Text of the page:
Thinking of You

Artist: Alketa Xhafa Mripa
Location: Kosovo National Stadium, Prishtina, Kosovo
Year: 2015
Researcher: Giusy Checola

In 2013, coming across a TV interview about the survivors of sexual violence in Kosovo during the war, the artist “watched a woman, hiding behind a curtain, in the hope of remaining anonymous, sharing her traumatic experience”, talking about her story of sexual brutality which didn’t stop with the end of the war because “she was then stigmatized by the society in which she grew up in and loved”, being viewed “as a woman without honour”.

Thinking of You consists of around five thousand skirts and dresses donated by victims of the abuses, hung on washing lines across the National Stadium in Pristhine, the space par excellence of the men’s world, to free their voices and let them come out, facing the curtain. One of the dresses composing the installation was the one worn by the woman who was raped during the war. In the stadium field, women “were letting go of their fear, their emotion, and they were seeing how the community and the society were supporting them” .In the traditional social imaginary clothes hanging outside are women's business, but the artist managed to involve men and people of all generations in the making of the installation. By doing so, they participated to overturn that meaning: the social stigma and abuses are their business as well.

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According to United Nations, in 2014, in Kosovo, around 80 per cent of all victims of reported domestic abuse cases were women, while 90 per cent of perpetrators were men, and that, according to the 42% of women and the 22% of men, “husbands are justified to hit or bit wives under certains circumstances” . Born and raised in Kosovo, Alketa Xhafa Mripa moved to London in 1997 to study Fine Art at Central Saint Martins. She arrived in London as a student, but she became a refugee when the 1998-1999 Kosovo war broke out.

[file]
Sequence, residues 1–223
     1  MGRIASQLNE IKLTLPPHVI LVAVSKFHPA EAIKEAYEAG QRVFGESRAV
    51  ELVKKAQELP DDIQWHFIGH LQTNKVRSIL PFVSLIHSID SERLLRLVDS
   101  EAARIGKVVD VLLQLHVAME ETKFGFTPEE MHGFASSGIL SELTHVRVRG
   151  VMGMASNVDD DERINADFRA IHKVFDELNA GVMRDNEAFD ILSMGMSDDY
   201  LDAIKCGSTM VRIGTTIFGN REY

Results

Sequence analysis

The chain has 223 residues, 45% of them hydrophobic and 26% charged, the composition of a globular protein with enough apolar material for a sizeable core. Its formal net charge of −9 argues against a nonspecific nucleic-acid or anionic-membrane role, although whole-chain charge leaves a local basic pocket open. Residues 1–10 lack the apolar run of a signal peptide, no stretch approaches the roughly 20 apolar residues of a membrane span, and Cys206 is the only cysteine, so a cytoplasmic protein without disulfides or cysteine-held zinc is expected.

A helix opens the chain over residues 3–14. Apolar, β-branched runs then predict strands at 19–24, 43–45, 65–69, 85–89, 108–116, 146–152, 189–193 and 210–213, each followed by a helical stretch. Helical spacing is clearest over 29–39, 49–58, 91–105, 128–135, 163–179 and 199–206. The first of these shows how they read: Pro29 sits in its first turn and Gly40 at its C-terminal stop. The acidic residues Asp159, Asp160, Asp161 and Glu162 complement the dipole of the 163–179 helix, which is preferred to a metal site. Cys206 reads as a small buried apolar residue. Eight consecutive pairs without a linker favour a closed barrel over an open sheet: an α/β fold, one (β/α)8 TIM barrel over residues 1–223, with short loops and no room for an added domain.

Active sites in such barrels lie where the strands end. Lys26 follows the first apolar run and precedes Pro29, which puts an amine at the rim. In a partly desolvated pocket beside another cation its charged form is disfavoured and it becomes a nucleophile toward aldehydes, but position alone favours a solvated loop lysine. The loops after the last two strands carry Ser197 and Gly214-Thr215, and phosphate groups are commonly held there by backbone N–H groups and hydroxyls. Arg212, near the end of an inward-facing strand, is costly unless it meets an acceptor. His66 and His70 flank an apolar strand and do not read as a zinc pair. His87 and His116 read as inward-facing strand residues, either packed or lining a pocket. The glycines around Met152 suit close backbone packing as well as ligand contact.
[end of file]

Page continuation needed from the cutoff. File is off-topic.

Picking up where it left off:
The Kosovo War, started in February 1998 and lasted until 11 June 1999, was fought by the forces of the Republic of Serbia, which controlled Kosovo before the war, and the Kosovo Liberation Army (KLA), the Kosovo Albanian rebel group. The conflict ended when NATO intervened with air strikes in March 1999 withdrawing Yugoslav and Serb forces from Kosovo, to make way for the presence of the NATO-led international Kosovo Force (KFOR), which left when Kosovo's Security Force (2009) became self-sufficient, although its intervention didn’t succeed in re-establishing a multiethnic society, nether in solving the problem of redefinition of the borders, which is still ongoing. After the war, around 200,000 Serbs, Romani, and other non-Albanians fled Kosovo and many of the remaining civilians - between 10,000 and 20,000 people, local organisations estimate - were victims of abuse and rape, which were used as “weapon of war”, as denounced by Human Rights Watch . A milestone was reached in 2014, when Atifete Jahjaga, then President of the Republic of Kosovo from 2011 to 2016 - a lawyer specialized in Crime Science and the first woman elected president of the country - made the cause of victims of sexual violence and discrimination her very own, using her position to involve the government, parliament and associations in a coordinated effort to tackle the issue, help victims with a monthly income, and setting up the National Council for Victims of Sexual Violence. In 2012, she hosted the International Women’s Summit "Partnership for Change — Empowering Women", attended by 200 leaders from Kosovo, the Wider Europe, North America, Africa and the Middle East.